As a way to compete with ChatGPT’s viral success, Google unveiled a chatbot tool dubbed “Bard” on Monday. In a blog post, Sundar Pichai, CEO of Google and parent company Alphabet, said Bard would be available to “trusted testers” starting Monday, with the public expected to be able to access it by the end of the week.
Bard, like ChatGPT by OpenAI, is built on a large language model that is trained on vast troves of data to produce compelling responses to user questions.
Bard is an effort to meld the world’s knowledge with the capabilities of our large language models, as articulated by Pichai. This technology utilizes web material to provide accurate and fresh responses. The unveiling of Bard comes at a time when Google’s main service – web search – is perceived to be in jeopardy due to intense competition. Since its public debut two months ago, ChatGPT has been used for essay writing, storytelling, generating song lyrics and providing answers for questions that would otherwise require using Google search.
The immense attention on ChatGPT has reportedly prompted Google’s management to declare a “code red” situation for its search business. Paul Buchheit, one of the creators of Gmail, warned in a tweet last year that AI may “completely disrupt” Google within a few years.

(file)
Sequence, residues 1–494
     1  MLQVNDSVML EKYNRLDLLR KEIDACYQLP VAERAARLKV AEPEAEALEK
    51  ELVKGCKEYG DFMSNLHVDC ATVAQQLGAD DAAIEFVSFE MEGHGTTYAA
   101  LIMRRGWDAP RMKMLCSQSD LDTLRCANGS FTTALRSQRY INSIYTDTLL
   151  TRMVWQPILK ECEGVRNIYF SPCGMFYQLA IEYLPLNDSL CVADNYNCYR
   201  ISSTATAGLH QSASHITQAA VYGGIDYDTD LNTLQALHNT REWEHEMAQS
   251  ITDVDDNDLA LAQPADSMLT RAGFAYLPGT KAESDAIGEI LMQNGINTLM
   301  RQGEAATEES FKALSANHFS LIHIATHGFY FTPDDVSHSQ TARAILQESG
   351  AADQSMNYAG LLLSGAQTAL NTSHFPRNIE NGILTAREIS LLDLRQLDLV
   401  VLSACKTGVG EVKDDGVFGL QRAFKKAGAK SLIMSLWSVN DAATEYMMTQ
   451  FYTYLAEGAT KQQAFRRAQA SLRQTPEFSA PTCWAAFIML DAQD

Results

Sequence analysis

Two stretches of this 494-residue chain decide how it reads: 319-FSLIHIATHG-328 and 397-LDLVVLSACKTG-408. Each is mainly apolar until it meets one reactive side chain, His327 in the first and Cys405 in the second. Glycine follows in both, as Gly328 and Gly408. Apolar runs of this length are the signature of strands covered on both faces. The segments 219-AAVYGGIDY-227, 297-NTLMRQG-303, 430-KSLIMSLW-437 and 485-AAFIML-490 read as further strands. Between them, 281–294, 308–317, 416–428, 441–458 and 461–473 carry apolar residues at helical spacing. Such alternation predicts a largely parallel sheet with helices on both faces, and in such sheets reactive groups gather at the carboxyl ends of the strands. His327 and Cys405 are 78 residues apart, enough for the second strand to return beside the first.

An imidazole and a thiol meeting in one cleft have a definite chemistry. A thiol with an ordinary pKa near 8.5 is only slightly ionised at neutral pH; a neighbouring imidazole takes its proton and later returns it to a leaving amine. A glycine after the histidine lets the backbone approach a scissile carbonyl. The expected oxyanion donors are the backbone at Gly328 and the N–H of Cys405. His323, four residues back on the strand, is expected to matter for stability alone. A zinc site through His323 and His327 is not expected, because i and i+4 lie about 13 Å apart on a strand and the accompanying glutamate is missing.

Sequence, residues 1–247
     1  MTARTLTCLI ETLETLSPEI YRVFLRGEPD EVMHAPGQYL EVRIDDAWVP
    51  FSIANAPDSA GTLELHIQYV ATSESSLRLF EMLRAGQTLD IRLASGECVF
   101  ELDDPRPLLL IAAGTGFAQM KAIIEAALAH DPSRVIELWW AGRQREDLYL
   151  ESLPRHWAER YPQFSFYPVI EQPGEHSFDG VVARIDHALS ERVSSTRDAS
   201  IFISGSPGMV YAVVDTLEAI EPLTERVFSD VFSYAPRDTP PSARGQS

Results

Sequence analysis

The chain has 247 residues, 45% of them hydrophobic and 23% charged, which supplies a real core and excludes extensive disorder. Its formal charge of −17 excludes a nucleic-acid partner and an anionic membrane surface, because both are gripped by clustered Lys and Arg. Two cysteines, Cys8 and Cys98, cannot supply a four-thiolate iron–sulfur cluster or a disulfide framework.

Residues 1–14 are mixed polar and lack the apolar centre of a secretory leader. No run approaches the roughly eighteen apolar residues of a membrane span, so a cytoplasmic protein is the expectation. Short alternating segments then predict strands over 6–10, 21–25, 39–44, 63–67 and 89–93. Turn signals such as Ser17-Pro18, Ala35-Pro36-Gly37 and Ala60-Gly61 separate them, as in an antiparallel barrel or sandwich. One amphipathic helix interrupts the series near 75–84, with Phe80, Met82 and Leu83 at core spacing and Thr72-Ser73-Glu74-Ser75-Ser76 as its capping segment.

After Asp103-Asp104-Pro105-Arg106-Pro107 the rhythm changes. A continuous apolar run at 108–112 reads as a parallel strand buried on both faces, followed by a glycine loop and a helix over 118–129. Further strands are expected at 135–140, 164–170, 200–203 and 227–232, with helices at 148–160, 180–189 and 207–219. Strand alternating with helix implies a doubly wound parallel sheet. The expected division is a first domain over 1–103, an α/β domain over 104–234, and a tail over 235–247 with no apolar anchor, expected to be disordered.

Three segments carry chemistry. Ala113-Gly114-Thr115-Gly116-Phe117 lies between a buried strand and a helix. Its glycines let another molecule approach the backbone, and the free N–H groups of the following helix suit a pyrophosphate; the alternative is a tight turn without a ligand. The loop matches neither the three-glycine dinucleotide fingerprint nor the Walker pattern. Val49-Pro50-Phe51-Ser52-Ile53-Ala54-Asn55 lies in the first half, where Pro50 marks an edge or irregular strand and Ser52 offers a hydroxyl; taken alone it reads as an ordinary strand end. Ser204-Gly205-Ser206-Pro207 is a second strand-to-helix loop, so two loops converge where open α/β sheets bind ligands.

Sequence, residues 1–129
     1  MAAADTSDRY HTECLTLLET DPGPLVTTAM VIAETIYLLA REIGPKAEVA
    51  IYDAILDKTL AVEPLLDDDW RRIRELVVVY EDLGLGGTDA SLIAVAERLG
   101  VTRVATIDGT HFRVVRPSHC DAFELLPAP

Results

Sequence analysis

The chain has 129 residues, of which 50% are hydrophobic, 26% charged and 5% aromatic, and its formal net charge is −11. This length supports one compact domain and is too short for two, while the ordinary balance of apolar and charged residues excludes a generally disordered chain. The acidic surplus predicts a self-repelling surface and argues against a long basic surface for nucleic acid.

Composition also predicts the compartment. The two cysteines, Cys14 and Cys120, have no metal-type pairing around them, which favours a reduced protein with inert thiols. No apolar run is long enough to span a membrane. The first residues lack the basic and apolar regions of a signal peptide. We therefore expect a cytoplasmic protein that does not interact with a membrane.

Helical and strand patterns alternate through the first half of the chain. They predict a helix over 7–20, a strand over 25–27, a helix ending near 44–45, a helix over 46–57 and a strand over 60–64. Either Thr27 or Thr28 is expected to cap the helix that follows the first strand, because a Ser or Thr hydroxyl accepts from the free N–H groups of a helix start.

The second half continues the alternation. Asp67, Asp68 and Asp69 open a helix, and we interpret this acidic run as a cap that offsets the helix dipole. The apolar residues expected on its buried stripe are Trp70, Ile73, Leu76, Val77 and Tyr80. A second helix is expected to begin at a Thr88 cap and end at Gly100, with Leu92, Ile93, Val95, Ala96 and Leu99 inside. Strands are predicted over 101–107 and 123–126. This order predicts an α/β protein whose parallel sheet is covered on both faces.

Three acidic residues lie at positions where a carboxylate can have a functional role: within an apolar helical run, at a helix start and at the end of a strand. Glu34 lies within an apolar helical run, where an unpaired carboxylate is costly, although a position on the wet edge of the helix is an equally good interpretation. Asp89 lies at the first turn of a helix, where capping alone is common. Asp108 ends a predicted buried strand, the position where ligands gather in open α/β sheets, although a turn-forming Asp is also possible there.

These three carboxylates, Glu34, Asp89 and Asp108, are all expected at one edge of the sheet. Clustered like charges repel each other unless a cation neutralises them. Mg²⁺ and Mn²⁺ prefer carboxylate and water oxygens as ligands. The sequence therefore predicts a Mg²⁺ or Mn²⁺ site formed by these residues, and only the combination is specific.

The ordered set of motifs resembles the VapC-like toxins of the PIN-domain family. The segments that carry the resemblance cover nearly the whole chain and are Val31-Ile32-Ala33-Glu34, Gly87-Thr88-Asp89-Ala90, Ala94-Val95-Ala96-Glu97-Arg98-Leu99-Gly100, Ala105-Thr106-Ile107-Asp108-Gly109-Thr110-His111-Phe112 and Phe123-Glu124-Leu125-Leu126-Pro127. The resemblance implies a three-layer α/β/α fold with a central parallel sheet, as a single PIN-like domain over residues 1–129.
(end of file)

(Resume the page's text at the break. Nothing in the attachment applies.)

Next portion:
The company has already confirmed plans to invest billions in OpenAI and has already announced that it will incorporate the software into some of its products. According to rumors, Microsoft is planning to integrate it into its search engine, Bing. After Google’s AI news broke on Monday, Microsoft announced a news event on Tuesday at its Washington headquarters. The topic is yet to be announced.
AI-driven features will soon be available in Search, so you can quickly understand the big picture and learn more from the web by distilling complex information and multiple perspectives. Pichai wrote, “whether that’s seeking out additional perspectives, like blogs from people who play both piano and guitar, or digging deeper into a related topic, like how to get started as a beginner.”
Incorporating an AI chatbot tool into search could come with some risks, if Google does decide to do so. Experts have noted that these tools have the potential to perpetuate biases and spread misinformation because they use data from online sources. As Pichai wrote in his post, “We must bring experiences rooted in these models to the world boldly and responsibly.”